Microservice architectures: more than the sum of their parts?

There are several ways to build software. Instead of looking at the project as a whole, it may make more sense to divide up tasks and lump others together – these are known as “microservices”. The term does not just have to do with computer application structure, it also plays an important role in planning when it comes to agile project management. What are the advantages of microservice architecture, how does it work, and where is the technology already being used?

“Do one thing and do it well”: the Microsoft motto

There is no clear, uniform definition of what microservices are. It is not just software technology, it is also developer methodology: what is the best way to succeed with a large programming project? As a general rule, projects that are considered to be “microservices” follow Ken Thompson’s Unix philosophy: “Do one thing and do it well”. This can be summarised as: focus on one task, and perfect it. This statement is not just relevant to programming, but also describes the functionality of individual microservices.

In terms of program development, small teams should be created to take care of individual services – this is implementing a microservice. As a project manager, you would need to focus teams and highlight their independence. Instead of being centrally administered, each team is fully responsible for their end product throughout the entire development cycle: from creation to delivery and subsequent monitoring. This method of working has many advantages and results in a modular software architecture.

Fact

The combination of work method and product itself goes back to the Conway law: Computer scientist Melvin Conway observed in 1967 that the structure of programs and other systems are always similar to the structure of the groups that develop them.

Microservice architecture is basically a further development of service-oriented architecture (SOA): small services also play a role in this architectural pattern. However, these are still embedded in a large system and are not as independent as you might hope. Just like there is no clear definition for the former, SOA is quite a vague term. Transitions between the two patters are therefore very fluid.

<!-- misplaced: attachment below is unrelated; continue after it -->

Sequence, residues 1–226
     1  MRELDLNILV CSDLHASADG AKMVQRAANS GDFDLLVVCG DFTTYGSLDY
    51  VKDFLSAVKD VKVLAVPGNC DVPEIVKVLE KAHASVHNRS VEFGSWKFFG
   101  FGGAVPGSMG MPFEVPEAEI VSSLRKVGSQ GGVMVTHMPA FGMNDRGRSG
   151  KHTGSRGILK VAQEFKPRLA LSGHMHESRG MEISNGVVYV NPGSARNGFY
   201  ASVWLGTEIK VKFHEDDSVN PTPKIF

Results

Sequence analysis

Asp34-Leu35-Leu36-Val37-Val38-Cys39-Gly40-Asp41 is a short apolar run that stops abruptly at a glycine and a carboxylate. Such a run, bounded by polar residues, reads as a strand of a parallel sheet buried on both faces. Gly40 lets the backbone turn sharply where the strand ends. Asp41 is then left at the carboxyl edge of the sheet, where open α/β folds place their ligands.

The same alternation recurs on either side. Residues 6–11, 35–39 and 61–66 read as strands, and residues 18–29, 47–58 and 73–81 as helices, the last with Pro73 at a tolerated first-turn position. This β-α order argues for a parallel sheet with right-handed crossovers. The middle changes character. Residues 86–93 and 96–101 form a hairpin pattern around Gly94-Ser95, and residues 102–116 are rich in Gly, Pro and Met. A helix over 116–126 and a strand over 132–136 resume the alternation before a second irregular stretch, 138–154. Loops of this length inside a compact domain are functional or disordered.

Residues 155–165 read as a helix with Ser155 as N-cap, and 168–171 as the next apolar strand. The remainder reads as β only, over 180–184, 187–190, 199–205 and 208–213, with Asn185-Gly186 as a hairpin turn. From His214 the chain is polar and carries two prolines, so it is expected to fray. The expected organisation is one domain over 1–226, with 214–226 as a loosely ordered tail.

Microservice architecture vs. Monolithic architecture

Traditional program development works according to monolith principles: all tasks are undertaken in one large project. All individual services access a large database and are output through a user interface – everything is done in one application. The microservices approach is based on modules: each microservice is responsible for completing a simple task. Each work process is vastly different, as are often the results.

When it comes to microservice architecture, each team is responsible for their own microservice, whereas the structure is very different with monoliths. Teams are organised according to the technology they deal with: one team deals with databases, another one programs the individual services, and a third one deals with the design of a user interface. Other working groups are responsible for publishing updates, maintenance, and analysis. However, all teams in a monolith are interdependent. Dependencies in microservice architecture should be avoided as much as possible.

What are the advantages of microservice architecture?

With microservice architecture, a large project is undertaken through small, mono-functional modules (microservices). The building blocks themselves are developed independently of each other and together form the overall product. This architectural style has several advantages.

Independence

When developing a microservice, teams generally operate with complete autonomy. There is no superior authority giving them direction, and each individual project group does not have to coordinate with others. The teams just focus on the given task at hand. There is an advantage to working this way: The development team can choose the solution that best suits their own microservice approach, not the one that others have given. This could even mean that teams use different programming languages, databases, or database management systems for different microservices. Doing this is possible because each microservice has its own runtime environment.

Robust

Another advantage of this level of independence is that the complete system becomes more robust. If a microservice fails, the entire application will not crash, just the one aspect that is experiencing issues. Since the process is so straightforward, it also makes troubleshooting much easier: instead of searching for the issue through all the source code of a large, monolith project, you just need to analyse a relatively small, self-contained program.